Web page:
Which of these three factors actually limits the production rate of a given piece of pipe depends upon many variables, including the diameter and length of the mandrel, nature of the rovings, means of supporting the mandrel, temperature and viscosity of the resin, etc. Generally resin slinging and oscillations resulting from rotating the mandrel at speeds approaching the first critical speed limit production rates for pipe diameters up to about 5 inches.
The industry needs a method and apparatus for increasing the production rate of reinforced plastic pipe and which provide efficient recycling of excess resin.
I have now invented an improved method and an apparatus for manufacturing reinforced plastic pipe at increased production rates without resin slinging and which provide efficient recycling of excess resin.
My method comprises the steps of coating fibrous rovings with a fluid resin, winding a rotating mandrel with the resin coated rovings, and then wiping resin from the rovings after the rovings are wound onto the mandrel to leave an optimum surface layer of resin on the rovings. Preferably the rovings are wiped immediately after they are wound onto the mandrel. Resin wiped from the rovings can be collected and recycled to coat fresh rovings being applied to the mandrel.
An effective method of wiping resin from the rovings comprises contacting the resin with at least one filament segment, and preferably a plurality of substantially parallel, equally spaced-apart segments. To minimize damage to the rovings, the filament segments contacting the rovings preferably are substantially parallel to the longitudinal axes of the rovings.
It is preferred that the angle between the filament segments wiping the rovings and the longitudinal axes of the rovings be substantially constant. This ensures that an optimum layer of resin is left on the rovings, thereby yielding pipe with optimum physical properties with minimum material waste.
When the rovings are carried to and fro along the length of the mandrel and are helically wound around the mandrel so that the longitudinal axes of the rovings in one layer extend transversely to the longitudinal axes of the rovings in the adjacent layer, preferably the angle between the filament segments wiping the rovings and the longitudinal axes of the rovings being wiped is maintained substantially the same for all rovings by using two groups of filament segments or one group of filament segments pivotally mounted.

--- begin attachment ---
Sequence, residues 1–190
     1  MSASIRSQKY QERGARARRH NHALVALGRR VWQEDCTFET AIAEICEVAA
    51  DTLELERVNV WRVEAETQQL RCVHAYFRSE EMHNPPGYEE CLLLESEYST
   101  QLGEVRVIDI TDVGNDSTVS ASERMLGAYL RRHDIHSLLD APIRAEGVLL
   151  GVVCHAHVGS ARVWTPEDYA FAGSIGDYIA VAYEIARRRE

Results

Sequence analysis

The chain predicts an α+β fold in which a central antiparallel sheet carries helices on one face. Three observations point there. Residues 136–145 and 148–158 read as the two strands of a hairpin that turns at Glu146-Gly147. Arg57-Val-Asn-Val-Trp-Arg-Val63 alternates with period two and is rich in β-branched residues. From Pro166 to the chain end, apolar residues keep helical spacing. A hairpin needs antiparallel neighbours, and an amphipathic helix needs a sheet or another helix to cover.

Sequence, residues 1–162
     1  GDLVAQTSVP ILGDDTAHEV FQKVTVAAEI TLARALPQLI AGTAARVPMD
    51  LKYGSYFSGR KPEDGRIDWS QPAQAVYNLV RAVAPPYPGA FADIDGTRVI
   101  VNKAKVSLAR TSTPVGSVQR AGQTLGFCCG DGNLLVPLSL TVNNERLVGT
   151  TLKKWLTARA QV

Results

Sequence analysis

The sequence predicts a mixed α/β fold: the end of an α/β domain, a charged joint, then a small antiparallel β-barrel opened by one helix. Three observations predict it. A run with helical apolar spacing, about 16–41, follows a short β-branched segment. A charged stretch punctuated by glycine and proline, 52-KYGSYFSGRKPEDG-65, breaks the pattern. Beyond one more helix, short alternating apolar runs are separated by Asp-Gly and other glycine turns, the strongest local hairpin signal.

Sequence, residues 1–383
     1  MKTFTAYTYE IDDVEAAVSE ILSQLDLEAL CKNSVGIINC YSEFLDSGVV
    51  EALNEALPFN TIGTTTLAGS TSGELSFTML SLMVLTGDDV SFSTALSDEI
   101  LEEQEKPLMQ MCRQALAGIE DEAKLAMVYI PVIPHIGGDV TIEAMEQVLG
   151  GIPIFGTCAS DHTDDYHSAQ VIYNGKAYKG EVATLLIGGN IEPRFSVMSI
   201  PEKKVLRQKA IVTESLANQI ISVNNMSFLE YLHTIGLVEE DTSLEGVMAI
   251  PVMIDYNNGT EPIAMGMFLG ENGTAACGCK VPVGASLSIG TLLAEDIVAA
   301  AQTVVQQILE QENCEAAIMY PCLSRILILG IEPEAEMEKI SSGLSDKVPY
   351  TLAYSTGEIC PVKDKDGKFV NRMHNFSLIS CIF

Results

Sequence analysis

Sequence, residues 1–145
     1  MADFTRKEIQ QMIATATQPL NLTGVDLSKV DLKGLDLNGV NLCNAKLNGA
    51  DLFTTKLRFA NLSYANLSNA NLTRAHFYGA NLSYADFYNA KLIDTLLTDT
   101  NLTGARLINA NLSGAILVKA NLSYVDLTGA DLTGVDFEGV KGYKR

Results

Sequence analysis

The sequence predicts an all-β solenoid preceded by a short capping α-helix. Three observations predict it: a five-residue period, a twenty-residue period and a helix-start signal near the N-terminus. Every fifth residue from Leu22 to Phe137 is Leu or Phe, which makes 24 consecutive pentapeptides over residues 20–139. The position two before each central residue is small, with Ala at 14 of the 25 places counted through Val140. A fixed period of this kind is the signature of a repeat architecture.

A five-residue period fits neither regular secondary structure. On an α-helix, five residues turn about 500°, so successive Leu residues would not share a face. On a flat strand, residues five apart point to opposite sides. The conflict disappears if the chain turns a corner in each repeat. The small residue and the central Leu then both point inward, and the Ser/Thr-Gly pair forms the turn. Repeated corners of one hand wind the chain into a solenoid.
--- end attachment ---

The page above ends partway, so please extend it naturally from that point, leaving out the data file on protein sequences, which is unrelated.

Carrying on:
The method of this invention virtually eliminates resin slinging as a winding speed limitation for mandrels, thereby increasing production rate. When the wiping is accomplished with filament segments, an optimum surface layer can be left on the rovings, thereby yielding pipe of uniform quality with excellent physical properties.
This invention also contemplates a method of producing reinforced plastic pipe in which the mandrel is rotated at a speed above its first critical speed. It was surprisingly found that pipe making apparatus is not damaged if the speed of the mandrel is quickly accelerated to a speed between the first and second critical speeds.
This invention also contemplates an apparatus for removing resin from rovings after the rovings are applied to the mandrel to leave an optimum surface layer of resin on the rovings. This apparatus comprises at least one filament segment, means for supporting the filament segment, and means for pressing the filament segment against the rovings. Preferably the wiping apparatus includes a plurality of laterally spaced filament segments which are substantially parallel and uniformly spaced apart. For example, filament segments are placed in respective longitudinally spaced grooves in a filament support comprising elongated, substantially parallel, spaced-apart supporting bars or rods. Alternatively, the filament support comprises two substantially parallel, spaced apart bars having a plurality of knob-like projections with one or more filaments secured to the projections.